This Sunday (September 21), the third and final section of the New York City High Line will open at the Rail Yards. You can expect to see familiar benches morphed into picnic tables and seesaws amongst a lush, diverse and seemingly unkept landscape that is reminiscent of the “forgotten” tracks. As Piet Oudolf - the Dutch garden designer who worked with James Corner Field Operations and Diller Scofidio & Renfro - described, the $75 million northernmost section will be an “introduction to the wild” that responds directly to the public’s desire to “walk on the original tracks.” Stay tuned for more images from the opening.
Last week, the five teams competing for the Presidio Parkland project in San Francisco unveiled their proposals in a public meeting at the project site. The parkland, made possible by the replacement of an elevated highway by a new tunnel, will command stunning views of the San Francisco bay, including views of the Golden Gate bridge.
"This is a once-in-a lifetime opportunity to create and design new parklands," Executive Director of the Presidio Trust Craig said. "We are extremely pleased with the caliber of the work of the five design teams and look forward to hearing the public’s feedback on these early concepts."
Competing for the prestigious project are James Corner Field Operations, OLIN with Olson Kundig Architects, Snøhetta with Hood Design Studio, West 8, and CMG Landscape Architecture. A winner will be announced in January.
Read on after the break to see all five proposals
Wiel Arets, Dean of the College of Architecture at Illinois Institute of Technology (IIT) and Dirk Denison, Director of the Mies Crown Hall Americas Prize (MCHAP), have announced the inaugural MCHAP shortlist – 36 “Outstanding Projects” selected from the 225 MCHAP nominees.
“The rich diversity of these built works is a testament to the creative energy at work in the Americas today,” said Arets. “When viewed alongside the innovative work by the MCHAP.emerge finalists and winner, Poli House by Mauricio Pezo and Sofia von Ellrichshausen which we honored in May, we see the evolution of a distinctly American conversation about creating livable space.” See all 36 winners after the break.
San Francisco’s Presidio Trust isn’t giving up. After rejecting three shortlisted schemes earlier this year that envisioned a “cultural institution of distinction” for the underdeveloped Crissy Field, the Trust has now invited five new teams to envision “kid-friendly” plans for a 13 acre portion of the site.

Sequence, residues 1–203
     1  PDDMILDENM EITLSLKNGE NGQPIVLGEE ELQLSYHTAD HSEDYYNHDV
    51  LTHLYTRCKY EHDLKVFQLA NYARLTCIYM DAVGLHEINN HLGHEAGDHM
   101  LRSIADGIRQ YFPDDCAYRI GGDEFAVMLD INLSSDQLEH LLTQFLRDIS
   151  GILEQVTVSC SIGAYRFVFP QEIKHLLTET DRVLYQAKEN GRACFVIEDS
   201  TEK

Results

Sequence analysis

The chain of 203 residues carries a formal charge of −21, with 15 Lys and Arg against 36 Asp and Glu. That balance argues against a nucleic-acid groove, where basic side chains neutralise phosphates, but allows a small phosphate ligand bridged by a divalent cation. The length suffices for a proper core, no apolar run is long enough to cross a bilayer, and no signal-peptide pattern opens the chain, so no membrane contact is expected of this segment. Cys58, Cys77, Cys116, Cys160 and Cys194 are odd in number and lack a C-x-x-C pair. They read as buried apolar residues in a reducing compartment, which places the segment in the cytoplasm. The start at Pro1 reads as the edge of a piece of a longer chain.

The five teams, which include James Corner Field Operations, Olson Kundig Architects and Snøhetta, are expected to present their ideas publicly in just three months. A winner will not be selected, though each team will receive $25,000 for their efforts. However, the Trust will be inclined to work with one of the teams should their concepts “dazzle” the audience.
A complete list of the five teams and more project information, after the break...
The elevated railroad, which was designed to penetrate city blocks rather than parallel an avenue, saw its last delivery (of frozen turkeys) in 1980. By 1999, a “very strange landscape had formed, with a whole eco system around it,” says Diller. Advocacy for the site’s preservation began with two local residents, and culminated in its reclamation with the multidisciplinary collaboration of city officials and impassioned designers (namely James Corner Field Operations, Diller Scofidio + Renfro, and planting designer Piet Oudolf). "The High Line project couldn’t have happened without the right people, the right time and the right administration."
New information has been released — along with a series of renders — seven months after the New York City Council approved Cornell University's two million square foot technology campus in Roosevelt Island. Envisioned as "a campus built for the next century," Cornell Tech's first set of buildings has tapped into the talent of some of the most respected architecture firms in the city: Morphosis' Pritzker Prize-winning Thom Mayne, Weiss/Manfredi Architecture, Handel Architects, and Skidmore Owings & Merrill.
New images of the buildings, after the break...
Friends of the High Line, along side James Corner Field Operations and Diller Scofidio + Renfro, have unveiled what could possibly be the gateway into the third and final stretch of New York’s most prized parkway. Planned to mark the northeast terminus of the High Line at Rail Yards on 10th Avenue at West 30th Street, the “immersive bowl-shaped structure,” known as “The Spur,” hopes to bring a pocket of New York’s lush woodlands to the heart of the city.